Haematology involves the diagnosis and treatment of patients who have disorders of the blood. While a major part of a haematologist’s work involves providing direct clinical care to patients, a significant part of it is also spent on diagnostic work in the laboratory.

Haematologists provide care to a wide range of patient groups. Patients may have a serious life-threatening illness such as leukaemia, lymphoma or myeloma that requires chemotherapy. Some haematologists specialise in diseases affecting the blood coagulation system such as haemophilia, while others will provide expertise in the areas of blood transfusion or disorders of haemoglobin such as sickle cell disease.

Haematology has a strong multiprofessional approach. In the laboratory haematologists work in close collaboration with clinical and biomedical scientists. On the clinical side haematologists deliver care to patients in conjunction with nurse specialists and other medical specialists such as clinical oncologists. Haematologists also have an important role in the hospital and in primary care with GPs, in advising on the interpretation of laboratory results and on appropriate further investigation.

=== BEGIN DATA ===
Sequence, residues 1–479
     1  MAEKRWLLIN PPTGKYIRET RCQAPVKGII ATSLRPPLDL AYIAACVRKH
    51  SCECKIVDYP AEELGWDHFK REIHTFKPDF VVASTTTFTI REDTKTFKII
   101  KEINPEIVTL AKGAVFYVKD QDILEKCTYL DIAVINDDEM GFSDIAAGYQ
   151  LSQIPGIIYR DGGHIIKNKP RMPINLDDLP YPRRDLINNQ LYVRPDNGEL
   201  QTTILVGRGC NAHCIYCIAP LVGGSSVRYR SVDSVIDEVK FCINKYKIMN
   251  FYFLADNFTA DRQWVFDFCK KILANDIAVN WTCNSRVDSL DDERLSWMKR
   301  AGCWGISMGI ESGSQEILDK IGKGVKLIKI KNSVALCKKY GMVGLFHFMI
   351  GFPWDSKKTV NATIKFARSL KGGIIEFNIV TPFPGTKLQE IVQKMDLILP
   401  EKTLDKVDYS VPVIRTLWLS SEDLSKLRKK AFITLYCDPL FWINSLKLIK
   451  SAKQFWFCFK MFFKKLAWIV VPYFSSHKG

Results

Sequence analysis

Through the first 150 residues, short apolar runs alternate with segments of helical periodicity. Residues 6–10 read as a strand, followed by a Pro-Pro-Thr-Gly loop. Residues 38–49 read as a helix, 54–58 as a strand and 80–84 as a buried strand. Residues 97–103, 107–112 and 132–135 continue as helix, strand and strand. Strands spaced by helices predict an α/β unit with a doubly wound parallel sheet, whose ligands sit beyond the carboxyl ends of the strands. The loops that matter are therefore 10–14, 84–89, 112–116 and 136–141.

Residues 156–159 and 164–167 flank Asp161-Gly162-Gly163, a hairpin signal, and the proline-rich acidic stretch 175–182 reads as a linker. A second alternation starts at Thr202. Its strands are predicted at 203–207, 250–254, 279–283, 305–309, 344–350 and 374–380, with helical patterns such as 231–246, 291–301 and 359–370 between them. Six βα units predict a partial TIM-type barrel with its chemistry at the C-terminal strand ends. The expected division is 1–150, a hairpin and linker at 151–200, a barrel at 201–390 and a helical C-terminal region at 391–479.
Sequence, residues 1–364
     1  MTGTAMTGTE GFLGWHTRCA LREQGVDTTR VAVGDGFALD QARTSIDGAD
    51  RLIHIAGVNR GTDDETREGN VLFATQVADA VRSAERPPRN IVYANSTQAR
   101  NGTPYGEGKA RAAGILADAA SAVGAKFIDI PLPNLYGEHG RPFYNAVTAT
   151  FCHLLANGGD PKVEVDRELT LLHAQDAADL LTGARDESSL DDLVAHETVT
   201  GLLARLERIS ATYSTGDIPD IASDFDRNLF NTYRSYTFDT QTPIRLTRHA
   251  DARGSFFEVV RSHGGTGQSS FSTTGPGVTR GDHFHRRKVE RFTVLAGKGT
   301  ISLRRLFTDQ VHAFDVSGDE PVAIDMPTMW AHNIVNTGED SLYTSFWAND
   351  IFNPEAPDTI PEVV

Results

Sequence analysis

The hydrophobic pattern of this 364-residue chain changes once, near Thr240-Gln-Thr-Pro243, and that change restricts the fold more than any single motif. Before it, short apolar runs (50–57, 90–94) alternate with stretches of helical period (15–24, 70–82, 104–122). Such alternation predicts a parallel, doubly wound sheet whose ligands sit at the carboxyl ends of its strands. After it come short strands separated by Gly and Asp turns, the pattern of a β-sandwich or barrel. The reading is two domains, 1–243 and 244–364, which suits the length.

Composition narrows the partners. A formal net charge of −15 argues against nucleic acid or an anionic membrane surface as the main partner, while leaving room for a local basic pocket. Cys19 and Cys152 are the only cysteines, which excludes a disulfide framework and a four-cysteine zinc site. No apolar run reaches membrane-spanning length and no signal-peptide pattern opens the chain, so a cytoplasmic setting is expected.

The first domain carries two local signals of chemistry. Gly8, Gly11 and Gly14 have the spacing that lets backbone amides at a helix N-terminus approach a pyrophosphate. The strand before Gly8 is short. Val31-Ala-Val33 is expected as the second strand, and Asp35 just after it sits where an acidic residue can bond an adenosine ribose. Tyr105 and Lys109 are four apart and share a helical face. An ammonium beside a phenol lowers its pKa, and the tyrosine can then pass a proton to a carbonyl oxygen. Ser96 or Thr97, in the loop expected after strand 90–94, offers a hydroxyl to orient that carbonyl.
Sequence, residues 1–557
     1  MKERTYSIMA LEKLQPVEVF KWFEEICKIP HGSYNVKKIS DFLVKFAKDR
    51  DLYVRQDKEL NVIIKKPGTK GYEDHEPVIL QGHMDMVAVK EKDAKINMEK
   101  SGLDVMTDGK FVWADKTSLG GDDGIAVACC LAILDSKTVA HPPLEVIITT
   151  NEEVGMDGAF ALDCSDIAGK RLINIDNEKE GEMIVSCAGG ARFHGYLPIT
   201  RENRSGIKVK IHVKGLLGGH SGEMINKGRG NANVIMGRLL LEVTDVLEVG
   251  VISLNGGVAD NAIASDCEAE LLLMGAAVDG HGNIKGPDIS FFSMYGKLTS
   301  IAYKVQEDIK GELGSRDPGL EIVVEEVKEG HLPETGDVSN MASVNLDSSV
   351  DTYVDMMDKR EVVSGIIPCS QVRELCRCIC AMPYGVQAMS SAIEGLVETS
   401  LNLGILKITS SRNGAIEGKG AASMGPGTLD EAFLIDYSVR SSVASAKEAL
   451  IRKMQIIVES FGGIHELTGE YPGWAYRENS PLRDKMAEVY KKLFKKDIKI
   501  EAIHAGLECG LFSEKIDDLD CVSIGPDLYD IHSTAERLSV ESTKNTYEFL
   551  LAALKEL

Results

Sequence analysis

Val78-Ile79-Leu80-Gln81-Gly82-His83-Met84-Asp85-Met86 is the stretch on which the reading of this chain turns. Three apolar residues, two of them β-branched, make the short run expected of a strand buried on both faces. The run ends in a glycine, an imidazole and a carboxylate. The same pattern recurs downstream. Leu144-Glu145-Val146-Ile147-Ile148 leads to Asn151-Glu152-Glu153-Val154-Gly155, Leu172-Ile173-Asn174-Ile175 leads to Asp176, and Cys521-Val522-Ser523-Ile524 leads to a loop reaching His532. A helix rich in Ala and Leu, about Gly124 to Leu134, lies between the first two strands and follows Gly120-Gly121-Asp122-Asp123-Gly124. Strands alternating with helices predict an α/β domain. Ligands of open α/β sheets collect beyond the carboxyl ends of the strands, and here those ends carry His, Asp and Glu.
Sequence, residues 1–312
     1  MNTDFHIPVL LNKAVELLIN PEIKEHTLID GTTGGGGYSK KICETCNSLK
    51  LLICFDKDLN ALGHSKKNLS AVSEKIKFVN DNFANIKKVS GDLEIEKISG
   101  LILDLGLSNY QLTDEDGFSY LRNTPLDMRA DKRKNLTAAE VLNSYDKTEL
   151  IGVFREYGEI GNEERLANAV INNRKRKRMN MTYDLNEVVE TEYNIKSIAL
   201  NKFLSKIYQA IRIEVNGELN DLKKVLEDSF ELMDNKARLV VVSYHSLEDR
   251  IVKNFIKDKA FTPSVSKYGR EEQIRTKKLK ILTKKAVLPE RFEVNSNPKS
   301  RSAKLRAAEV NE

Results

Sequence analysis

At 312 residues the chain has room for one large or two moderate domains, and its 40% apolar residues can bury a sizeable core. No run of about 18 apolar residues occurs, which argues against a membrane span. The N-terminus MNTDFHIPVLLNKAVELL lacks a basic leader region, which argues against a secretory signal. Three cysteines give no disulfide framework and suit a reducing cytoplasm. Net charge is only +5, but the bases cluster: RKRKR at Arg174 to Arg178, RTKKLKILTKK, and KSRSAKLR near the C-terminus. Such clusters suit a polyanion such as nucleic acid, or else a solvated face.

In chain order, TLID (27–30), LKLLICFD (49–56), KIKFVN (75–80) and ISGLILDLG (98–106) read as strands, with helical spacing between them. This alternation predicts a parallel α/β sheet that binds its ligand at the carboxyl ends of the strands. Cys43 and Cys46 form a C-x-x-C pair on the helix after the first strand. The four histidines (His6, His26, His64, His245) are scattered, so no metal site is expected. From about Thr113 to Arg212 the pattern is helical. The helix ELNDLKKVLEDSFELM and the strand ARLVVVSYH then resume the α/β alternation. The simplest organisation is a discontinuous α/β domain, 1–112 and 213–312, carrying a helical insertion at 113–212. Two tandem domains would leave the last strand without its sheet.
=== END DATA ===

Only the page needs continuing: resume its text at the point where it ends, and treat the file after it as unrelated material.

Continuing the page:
Related RCP publications

Specialty training

For information about specialty training in haematology, go to the Joint Royal Colleges of Physicians Postgraduate Training Board (JRCPTB) website.

Specialist society

2011 Consultant Census

The RCP has completed our census of working physicians in 2011. Attached below is a breakdown of the report with results for this specialty.

 Patient information

Commentary Date
Revalidation FAQs 24 September 2012